LOS ANGELES – As the oldest member of the Timberwolves, Patrick Beverley has been through many nights like the Wolves' 108-103 loss to the Lakers on Sunday.

He has seen teams lose their poise in the final minutes of a tight road game, like the Wolves did in committing eight fourth quarter turnovers.

Players like Naz Reid and Jaylen Nowell, who are in their third years and don't get to play crunch time minutes often, felt the frustration even though the Wolves were down Karl-Anthony Towns and D'Angelo Russell.

"We're a young team so we have a lot of learning to do," Nowell said.

But Beverley tends to take the opposite tone. After a frustrating loss he's often the one striking a note of optimism in his postgame comments.

"Obviously we're down two main guys and you don't want to highlight the excuses, but I'm happy with our performance," Beverley said. "Obviously you want to win every game you play, but the type of poise that we showed throughout the game, toughness, fight that we showed on this road trip so far, that's all you can ask for. If we just keep the same intensity with the guys coming back, we're one of the best teams when we're healthy."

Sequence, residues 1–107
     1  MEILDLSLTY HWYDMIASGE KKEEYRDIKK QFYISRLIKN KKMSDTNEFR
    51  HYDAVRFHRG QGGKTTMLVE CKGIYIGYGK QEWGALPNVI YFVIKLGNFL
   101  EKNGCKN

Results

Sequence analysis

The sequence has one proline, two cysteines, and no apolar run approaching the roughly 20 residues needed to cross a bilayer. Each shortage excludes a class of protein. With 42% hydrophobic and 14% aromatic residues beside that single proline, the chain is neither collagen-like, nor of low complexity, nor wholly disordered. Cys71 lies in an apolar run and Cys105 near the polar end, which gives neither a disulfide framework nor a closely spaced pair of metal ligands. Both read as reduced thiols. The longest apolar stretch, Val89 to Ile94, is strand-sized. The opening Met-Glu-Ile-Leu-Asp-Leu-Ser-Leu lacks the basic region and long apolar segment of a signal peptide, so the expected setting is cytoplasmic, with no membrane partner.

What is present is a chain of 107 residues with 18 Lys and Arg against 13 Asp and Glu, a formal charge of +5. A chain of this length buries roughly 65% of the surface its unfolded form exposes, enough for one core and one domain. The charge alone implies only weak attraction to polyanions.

His motto is that "frustration is good." So when the Wolves commit 24 turnovers, it's a learning experience more than anything in his eyes.

"Frustration forces you to lock in more, forces you to play better," Beverley said. "I think having a bad game, turning the ball over, you can learn from all those situations. Anything negative with basketball I always look at as a positive because you can get better."

The Wolves have had a tendency to unspool when one of the top contributors goes out. That hasn't happened in this recent stretch of games despite the Wolves dropping three straight.

Beverley said this means the Wolves can be "dangerous" when they get everybody back.

"Those guys stepped up tremendously and they've been doing it all year. … January is a big month for us. Obviously you don't want to start the new year with a loss, but I'm happy with the fight."